“The writing is picturesque and vibrant. . . . [an] engrossing tale.”—Bookreporter
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About the Author:

Jeff Shaara is the New York Times bestselling author of A Blaze of Glory, The Final Storm, No Less Than Victory, The Steel Wave, The Rising Tide, To the Last Man, The Glorious Cause, Rise to Rebellion, and Gone for Soldiers, as well as Gods and Generals and The Last Full Measure—two novels that complete the Civil War trilogy that began with his father’s Pulitzer Prize–winning classic, The Killer Angels. Shaara was born into a family of Italian immigrants in New Brunswick, New Jersey. He grew up in Tallahassee, Florida, and graduated from Florida State University. He lives again in Tallahassee.

Excerpt. Reprinted by permission. All rights reserved.:

VICKSBURG, MISSISSIPPI
APRIL 16, 1863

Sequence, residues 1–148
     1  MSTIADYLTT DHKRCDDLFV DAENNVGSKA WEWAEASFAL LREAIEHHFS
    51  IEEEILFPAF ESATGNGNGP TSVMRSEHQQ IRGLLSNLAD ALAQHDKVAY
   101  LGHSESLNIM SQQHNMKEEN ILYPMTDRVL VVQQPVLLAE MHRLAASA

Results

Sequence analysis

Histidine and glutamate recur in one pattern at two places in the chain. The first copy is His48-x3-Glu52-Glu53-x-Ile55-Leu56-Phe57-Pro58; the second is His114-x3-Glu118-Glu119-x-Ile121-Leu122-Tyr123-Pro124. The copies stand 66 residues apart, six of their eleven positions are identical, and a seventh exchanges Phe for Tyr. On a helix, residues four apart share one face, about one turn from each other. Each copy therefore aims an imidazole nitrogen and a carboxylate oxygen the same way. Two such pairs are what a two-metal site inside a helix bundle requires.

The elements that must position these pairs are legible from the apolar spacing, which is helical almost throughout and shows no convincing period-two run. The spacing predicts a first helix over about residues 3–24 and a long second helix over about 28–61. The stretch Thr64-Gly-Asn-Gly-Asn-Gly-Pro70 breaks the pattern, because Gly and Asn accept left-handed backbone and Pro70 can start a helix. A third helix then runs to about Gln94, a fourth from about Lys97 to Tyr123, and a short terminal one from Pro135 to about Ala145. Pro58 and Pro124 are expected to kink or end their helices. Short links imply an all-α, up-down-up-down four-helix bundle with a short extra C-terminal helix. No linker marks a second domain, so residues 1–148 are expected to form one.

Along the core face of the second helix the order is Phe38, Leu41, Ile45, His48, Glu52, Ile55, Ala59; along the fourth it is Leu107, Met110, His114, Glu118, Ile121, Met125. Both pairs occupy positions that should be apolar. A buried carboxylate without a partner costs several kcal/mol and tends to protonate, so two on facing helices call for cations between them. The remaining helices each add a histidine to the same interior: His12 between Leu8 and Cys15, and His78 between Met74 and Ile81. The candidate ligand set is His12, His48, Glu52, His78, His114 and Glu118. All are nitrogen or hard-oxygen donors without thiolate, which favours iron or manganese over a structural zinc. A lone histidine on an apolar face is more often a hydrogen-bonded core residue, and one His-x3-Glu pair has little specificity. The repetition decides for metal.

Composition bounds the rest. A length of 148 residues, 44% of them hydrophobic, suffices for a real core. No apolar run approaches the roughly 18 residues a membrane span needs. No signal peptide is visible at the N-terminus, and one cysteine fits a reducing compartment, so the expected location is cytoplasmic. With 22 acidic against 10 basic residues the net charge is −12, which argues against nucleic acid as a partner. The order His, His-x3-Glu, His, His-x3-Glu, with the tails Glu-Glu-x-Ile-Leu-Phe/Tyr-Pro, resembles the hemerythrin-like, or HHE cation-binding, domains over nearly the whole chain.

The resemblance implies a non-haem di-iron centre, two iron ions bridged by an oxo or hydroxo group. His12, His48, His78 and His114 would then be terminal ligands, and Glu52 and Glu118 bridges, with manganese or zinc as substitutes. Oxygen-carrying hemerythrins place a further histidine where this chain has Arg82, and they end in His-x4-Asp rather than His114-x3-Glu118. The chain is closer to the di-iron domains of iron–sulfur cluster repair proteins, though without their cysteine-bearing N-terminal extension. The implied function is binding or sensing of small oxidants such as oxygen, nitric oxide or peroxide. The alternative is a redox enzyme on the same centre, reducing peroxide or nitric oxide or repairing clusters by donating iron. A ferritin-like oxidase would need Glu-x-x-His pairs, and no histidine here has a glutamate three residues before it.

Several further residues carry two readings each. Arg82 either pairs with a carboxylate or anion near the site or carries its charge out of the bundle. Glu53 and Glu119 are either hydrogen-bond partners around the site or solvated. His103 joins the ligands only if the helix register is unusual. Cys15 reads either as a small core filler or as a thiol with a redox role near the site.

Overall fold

The ball was a glorious affair, the Confederate officers in their finest gray, adorned with plumed hats and sashes at their waists. There was dancing and a feast of every kind of local fare, even the wine flowing with no one’s disapproval. By ten o’clock, most of the older citizens had retired, the senior officers gone as well, offering the reasonable excuse that there were duties to perform, an early morning that would come too soon. Those who remained were the young and the unmarried, no one among them objecting to that. The music continued, more lively now, the quartet of violinists respecting the youth in the room, waltzes that brought the officers closer to the young women, hands extended, those girls who had caught the eye, whose furtive glances spoke of flirtation, the daring willingness to accept the invitation of a young man who had the courage or the skills to lead a dance.